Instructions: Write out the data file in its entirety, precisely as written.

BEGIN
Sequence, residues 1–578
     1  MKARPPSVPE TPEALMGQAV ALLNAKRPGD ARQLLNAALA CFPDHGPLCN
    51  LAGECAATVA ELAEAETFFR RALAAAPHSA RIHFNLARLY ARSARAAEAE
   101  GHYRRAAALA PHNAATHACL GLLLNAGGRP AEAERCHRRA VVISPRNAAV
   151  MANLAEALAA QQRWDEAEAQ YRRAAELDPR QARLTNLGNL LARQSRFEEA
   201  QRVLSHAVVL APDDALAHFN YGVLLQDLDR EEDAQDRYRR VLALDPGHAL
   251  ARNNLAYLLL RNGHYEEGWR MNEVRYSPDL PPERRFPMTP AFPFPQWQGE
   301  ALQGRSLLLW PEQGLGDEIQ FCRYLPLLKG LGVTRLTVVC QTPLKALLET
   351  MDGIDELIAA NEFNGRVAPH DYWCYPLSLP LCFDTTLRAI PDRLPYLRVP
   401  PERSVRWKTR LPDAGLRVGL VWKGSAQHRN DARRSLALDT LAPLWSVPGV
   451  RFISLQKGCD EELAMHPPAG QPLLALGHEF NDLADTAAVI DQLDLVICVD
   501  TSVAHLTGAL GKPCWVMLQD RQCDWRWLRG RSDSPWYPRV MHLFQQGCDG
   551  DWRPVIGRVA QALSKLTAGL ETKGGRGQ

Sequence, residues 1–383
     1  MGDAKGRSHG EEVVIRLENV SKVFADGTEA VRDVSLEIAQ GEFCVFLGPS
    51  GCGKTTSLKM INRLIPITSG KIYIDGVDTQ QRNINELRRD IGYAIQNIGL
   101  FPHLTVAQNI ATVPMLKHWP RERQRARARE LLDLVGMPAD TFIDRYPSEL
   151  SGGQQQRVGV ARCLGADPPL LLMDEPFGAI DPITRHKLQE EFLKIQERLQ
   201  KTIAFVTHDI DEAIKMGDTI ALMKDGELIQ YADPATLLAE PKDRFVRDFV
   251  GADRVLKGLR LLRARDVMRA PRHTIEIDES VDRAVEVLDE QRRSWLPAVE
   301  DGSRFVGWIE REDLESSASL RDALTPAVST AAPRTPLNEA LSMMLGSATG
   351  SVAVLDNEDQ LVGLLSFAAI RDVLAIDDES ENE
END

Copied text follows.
Sequence, residues 1–578
     1  MKARPPSVPE TPEALMGQAV ALLNAKRPGD ARQLLNAALA CFPDHGPLCN
    51  LAGECAATVA ELAEAETFFR RALAAAPHSA RIHFNLARLY ARSARAAEAE
   101  GHYRRAAALA PHNAATHACL GLLLNAGGRP AEAERCHRRA VVISPRNAAV
   151  MANLAEALAA QQRWDEAEAQ YRRAAELDPR QARLTNLGNL LARQSRFEEA
   201  QRVLSHAVVL APDDALAHFN YGVLLQDLDR EEDAQDRYRR VLALDPGHAL
   251  ARNNLAYLLL RNGHYEEGWR MNEVRYSPDL PPERRFPMTP AFPFPQWQGE
   301  ALQGRSLLLW PEQGLGDEIQ FCRYLPLLKG LGVTRLTVVC QTPLKALLET
   351  MDGIDELIAA NEFNGRVAPH DYWCYPLSLP LCFDTTLRAI PDRLPYLRVP
   401  PERSVRWKTR LPDAGLRVGL VWKGSAQHRN DARRSLALDT LAPLWSVPGV
   451  RFISLQKGCD EELAMHPPAG QPLLALGHEF NDLADTAAVI DQLDLVICVD
   501  TSVAHLTGAL GKPCWVMLQD RQCDWRWLRG RSDSPWYPRV MHLFQQGCDG
   551  DWRPVIGRVA QALSKLTAGL ETKGGRGQ

Sequence, residues 1–383
     1  MGDAKGRSHG EEVVIRLENV SKVFADGTEA VRDVSLEIAQ GEFCVFLGPS
    51  GCGKTTSLKM INRLIPITSG KIYIDGVDTQ QRNINELRRD IGYAIQNIGL
   101  FPHLTVAQNI ATVPMLKHWP RERQRARARE LLDLVGMPAD TFIDRYPSEL
   151  SGGQQQRVGV ARCLGADPPL LLMDEPFGAI DPITRHKLQE EFLKIQERLQ
   201  KTIAFVTHDI DEAIKMGDTI ALMKDGELIQ YADPATLLAE PKDRFVRDFV
   251  GADRVLKGLR LLRARDVMRA PRHTIEIDES VDRAVEVLDE QRRSWLPAVE
   301  DGSRFVGWIE REDLESSASL RDALTPAVST AAPRTPLNEA LSMMLGSATG
   351  SVAVLDNEDQ LVGLLSFAAI RDVLAIDDES ENE